By Ted Ross
Photos by Bob Tuomi

Holland Point Park was designated in July, 1947. The area had been leased from the City of Victoria by the Department of National Defense during World War II and was returned to the city in 1945. "The Parks Committee will recommend to the City Council that the waterfront property south of Dallas Road between Douglas Street and the seawall west of Lewis Street be dedicated as a park, to be called Holland Point Park," was the proposal which led to the Park's creation with by-law 3293 in the summer of 1947.

According to Janis Ringuette, in an appendix to her Beacon Hill Park History, "In 1949 Dallas Road home owners began a campaign to 'beautify' Holland Point. Their main concern was clearing vegetation which blocked their views of the ocean." The debate continued between those in favour and those opposed to clearing for the next thirteen years.

In 1952 Claude Harrison was the new mayor of Victoria, and in Ringuette's words, "...offered a very different proposal for Holland Point Park." His plan to plant the area with native plants of all types never flourished, but a second idea, to build a model boat pond, did.

A paragraph, on page 14 of the City's Annual Report for 1955, reads, "During 1954 and 1955, the City received $100,000.00 from the Provincial Government for civic beautification. Most of this money was spent on roadwork, parking bays, and the installation of a model yacht pool."

The Report of the Park Administrator - October 1955 states, "Holland Point: The Public Works Department completed the construction of the pool and work is now proceeding on the landscaping around the pool."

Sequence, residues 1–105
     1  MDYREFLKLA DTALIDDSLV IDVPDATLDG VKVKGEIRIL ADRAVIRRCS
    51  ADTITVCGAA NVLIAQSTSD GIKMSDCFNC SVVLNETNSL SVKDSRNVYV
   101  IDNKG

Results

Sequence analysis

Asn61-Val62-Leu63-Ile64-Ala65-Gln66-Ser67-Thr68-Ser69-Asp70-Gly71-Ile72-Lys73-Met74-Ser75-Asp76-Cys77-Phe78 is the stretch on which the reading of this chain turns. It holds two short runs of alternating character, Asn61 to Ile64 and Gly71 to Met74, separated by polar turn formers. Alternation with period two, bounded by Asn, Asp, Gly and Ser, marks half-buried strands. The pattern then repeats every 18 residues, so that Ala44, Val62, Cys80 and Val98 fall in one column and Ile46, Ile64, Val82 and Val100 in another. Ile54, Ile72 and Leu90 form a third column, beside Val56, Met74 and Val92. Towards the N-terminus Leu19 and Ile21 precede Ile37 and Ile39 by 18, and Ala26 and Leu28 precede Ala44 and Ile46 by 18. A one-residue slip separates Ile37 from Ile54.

Writing in 1999 Ann Lockley denotes, "Measuring 80 meters by 30 meters, Harrison Yacht Pond sits at the bottom of Government Street on Dallas Road, nestled in a semicircle of conifer trees." The winds around Holland Point provide good propulsion for model sailing craft on the pond.

After its construction as a place to sail model boats, the model sailors seemed to forget about the sport. The pond became populated with ducks.

Occasionally mention of the pool appeared in the newspapers. On January 21, 1961 The Daily Colonist reported, "As most of the world was watching Laos, so is City Hall nervously looking toward Holland Point model yacht pool."

"There, earlier this week, the model sailboat enthusiasts appeared to be put in a position to smirk when police, on the complaint of a nearby resident, asked two model powerboat yachtsmen to pick up their boats powered by model-airplane engines and move on. Mayor Percy Scurrah at first said there had been no idea of powerboats being used when the Capital Improvement District Commission built the pool and council would have to decide if they were allowable."

"But former mayor Claude L Harrison said there had been no idea of restrictions, and yesterday Mayor Scurrah backed off a bit as warfare threatened."

The dispute between power and sail continued, and ducks came into the equation.

By 1962 Parks Administrator, WH Warren was speaking against the removal of any trees on Dallas Road and Holland Point. He recommended, "...that the trees and bush be preserved in their natural state."